"Catherine Madison is headed West with a suitcase full of cash. She's just left the only home she's ever known, a small town in Nebraska, after things fell apart with the only man she has ever known, her husband, Thomas. She's also left behind her deepest, most shameful secrets--among them a dysfunctional family she's never quite been able to escape and a marriage whose most intimate moments have plagued her with self doubt. On the road, she's going to become a new person. Or so she thinks. But leaving everything behind isn't as easy as she had hoped. When she reaches Las Vegas, Catherine meets the beautiful but damaged Valka, a single woman struggling with her own painful history. Against a backdrop of casino lights and celebrity-impersonator shows, the two women forge an unexpected friendship, and as their bond deepens, Catherine is compelled to reveal what she has never told anyone before. With Valka's help, Catherine realizes that if she is ever to overcome her past, she must finally uncover the truth about her family, come to understand what destroyed her marriage, and prevent her troubled younger sister from repeating her mistakes."My quote-ables:
"...you should have more respect for your insides. The fact that you can conceive, that your body works in that way. You should not be careless about your power. There are people who would kill to have that power. You should appreciate it. It's your body. You do what you want with it. But you respect it." --Valka, pg 271-272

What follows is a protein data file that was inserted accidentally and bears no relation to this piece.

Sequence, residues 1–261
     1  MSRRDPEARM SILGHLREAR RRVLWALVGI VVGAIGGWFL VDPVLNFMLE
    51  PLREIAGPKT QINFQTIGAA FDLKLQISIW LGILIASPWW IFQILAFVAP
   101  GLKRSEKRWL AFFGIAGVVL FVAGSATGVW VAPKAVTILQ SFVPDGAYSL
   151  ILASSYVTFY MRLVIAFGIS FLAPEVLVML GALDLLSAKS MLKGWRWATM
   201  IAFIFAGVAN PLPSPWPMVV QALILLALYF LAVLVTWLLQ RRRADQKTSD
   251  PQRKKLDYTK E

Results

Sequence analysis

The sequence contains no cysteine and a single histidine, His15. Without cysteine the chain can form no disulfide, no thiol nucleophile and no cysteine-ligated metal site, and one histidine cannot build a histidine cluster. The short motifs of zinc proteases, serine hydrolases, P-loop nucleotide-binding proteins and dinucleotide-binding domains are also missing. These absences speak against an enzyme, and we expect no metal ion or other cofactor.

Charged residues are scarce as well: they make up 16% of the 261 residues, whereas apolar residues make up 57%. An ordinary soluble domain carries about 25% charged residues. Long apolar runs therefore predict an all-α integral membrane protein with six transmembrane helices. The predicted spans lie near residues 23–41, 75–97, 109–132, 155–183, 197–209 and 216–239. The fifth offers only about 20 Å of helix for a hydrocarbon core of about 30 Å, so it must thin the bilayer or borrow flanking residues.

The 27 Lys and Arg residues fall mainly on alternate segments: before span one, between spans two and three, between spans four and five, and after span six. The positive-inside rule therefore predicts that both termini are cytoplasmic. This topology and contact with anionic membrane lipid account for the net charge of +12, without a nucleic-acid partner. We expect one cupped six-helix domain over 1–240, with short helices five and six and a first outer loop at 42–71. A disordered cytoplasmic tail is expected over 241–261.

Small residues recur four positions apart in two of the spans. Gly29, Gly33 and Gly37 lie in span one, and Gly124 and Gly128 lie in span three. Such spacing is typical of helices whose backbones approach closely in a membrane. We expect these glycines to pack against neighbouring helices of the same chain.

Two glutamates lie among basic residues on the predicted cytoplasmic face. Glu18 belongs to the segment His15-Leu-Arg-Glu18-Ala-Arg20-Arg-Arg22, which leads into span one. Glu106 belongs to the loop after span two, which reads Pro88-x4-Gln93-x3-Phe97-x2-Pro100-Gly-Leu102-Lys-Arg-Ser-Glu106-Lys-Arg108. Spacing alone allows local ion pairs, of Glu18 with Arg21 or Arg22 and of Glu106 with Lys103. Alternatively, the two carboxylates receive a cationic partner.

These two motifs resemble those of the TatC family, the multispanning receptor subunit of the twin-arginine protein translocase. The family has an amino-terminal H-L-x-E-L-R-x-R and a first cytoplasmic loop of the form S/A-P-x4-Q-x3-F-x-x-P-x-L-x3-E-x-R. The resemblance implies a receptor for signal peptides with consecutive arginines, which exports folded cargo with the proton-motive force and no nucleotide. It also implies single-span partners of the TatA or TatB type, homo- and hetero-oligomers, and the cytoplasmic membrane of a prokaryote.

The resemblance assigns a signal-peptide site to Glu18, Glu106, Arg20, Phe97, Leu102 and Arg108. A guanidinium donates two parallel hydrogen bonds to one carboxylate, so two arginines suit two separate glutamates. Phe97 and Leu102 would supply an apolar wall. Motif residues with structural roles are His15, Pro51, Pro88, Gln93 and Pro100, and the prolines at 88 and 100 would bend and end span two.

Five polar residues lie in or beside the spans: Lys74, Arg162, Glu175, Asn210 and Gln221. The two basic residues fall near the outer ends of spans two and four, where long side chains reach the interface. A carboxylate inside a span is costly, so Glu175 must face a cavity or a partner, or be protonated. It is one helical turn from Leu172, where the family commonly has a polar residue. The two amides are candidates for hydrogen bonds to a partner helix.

"This magnificent new novel has a similarly extraordinary scope and the same capacity to amaze, entertain, and bewitch the reader. A tour de force of metaphysical reality, it is powered by two remarkable characters: a teenage boy, Kafka Tamura, who runs away from home either to escape a gruesome oedipal prophecy or to search for his long-missing mother and sister; and an aging simpleton called Nakata, who never recovered from a wartime affliction and now is drawn toward Kafka for reasons that, like the most basic activities of daily life, he cannot fathom. Their odyssey, as mysterious to them as it is to us, is enriched throughout by vivid accomplices and mesmerizing events. Cat and people carry on conversations, a ghostlike pimp employs a Hegel-quoting prostitute, a forest harbors soldiers apparently unaged since World War II, and rainstorms of fish (and worse) fall from the sky. There is a brutal murder, with the identity of both victim and perpetrator a ridddle--yet this, along with everything else, is eventually answered, just as the entwined destinies of Kafka and Nakata are gradually revealed, with one escaping his fate entirely and the other given a fresh start on his own."My quote-ables:
"It begins with a body. On a clear day in winter, the battered corpse of Crispin Salvador is pulled from the Hudson River --taken from the world is the controversial lion of Philippine literature. Gone, too, is the only manuscript of his final book, a work meant to rescue him from obscurity by exposing the crimes of the Filipino ruling families. Miguel, his student and only remaining friend, sets out for Manila to investigate. To understand the death, Miguel scours his teacher's life, piecing together Salvador's story through his poetry, interviews, novels, polemics, and memoirs. The result is a rich and dramatic family saga of four generations, tracing the Spanish, the Americans, and the Filipinos themselves. Finally, we are surprised to learn that this story belongs to young Miguel as much as to his lost mentor, and we are treated to an unhindered view of a society caught between reckless decay and hopeful progress."